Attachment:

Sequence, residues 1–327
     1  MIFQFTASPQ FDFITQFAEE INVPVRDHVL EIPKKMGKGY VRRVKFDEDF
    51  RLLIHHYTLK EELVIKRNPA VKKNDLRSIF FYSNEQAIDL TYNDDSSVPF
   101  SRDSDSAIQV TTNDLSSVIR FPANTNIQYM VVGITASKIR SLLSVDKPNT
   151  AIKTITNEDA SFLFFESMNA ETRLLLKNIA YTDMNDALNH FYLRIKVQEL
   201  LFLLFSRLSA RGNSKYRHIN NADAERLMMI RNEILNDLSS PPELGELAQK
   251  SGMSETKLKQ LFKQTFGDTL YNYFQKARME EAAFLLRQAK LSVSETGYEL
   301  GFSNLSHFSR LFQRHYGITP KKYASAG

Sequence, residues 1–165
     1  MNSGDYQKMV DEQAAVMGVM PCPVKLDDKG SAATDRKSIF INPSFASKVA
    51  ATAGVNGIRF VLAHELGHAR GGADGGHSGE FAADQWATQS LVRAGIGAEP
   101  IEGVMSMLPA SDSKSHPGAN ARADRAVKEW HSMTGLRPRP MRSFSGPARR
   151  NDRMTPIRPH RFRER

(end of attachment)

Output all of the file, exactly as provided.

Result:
Sequence, residues 1–327
     1  MIFQFTASPQ FDFITQFAEE INVPVRDHVL EIPKKMGKGY VRRVKFDEDF
    51  RLLIHHYTLK EELVIKRNPA VKKNDLRSIF FYSNEQAIDL TYNDDSSVPF
   101  SRDSDSAIQV TTNDLSSVIR FPANTNIQYM VVGITASKIR SLLSVDKPNT
   151  AIKTITNEDA SFLFFESMNA ETRLLLKNIA YTDMNDALNH FYLRIKVQEL
   201  LFLLFSRLSA RGNSKYRHIN NADAERLMMI RNEILNDLSS PPELGELAQK
   251  SGMSETKLKQ LFKQTFGDTL YNYFQKARME EAAFLLRQAK LSVSETGYEL
   301  GFSNLSHFSR LFQRHYGITP KKYASAG

Sequence, residues 1–165
     1  MNSGDYQKMV DEQAAVMGVM PCPVKLDDKG SAATDRKSIF INPSFASKVA
    51  ATAGVNGIRF VLAHELGHAR GGADGGHSGE FAADQWATQS LVRAGIGAEP
   101  IEGVMSMLPA SDSKSHPGAN ARADRAVKEW HSMTGLRPRP MRSFSGPARR
   151  NDRMTPIRPH RFRER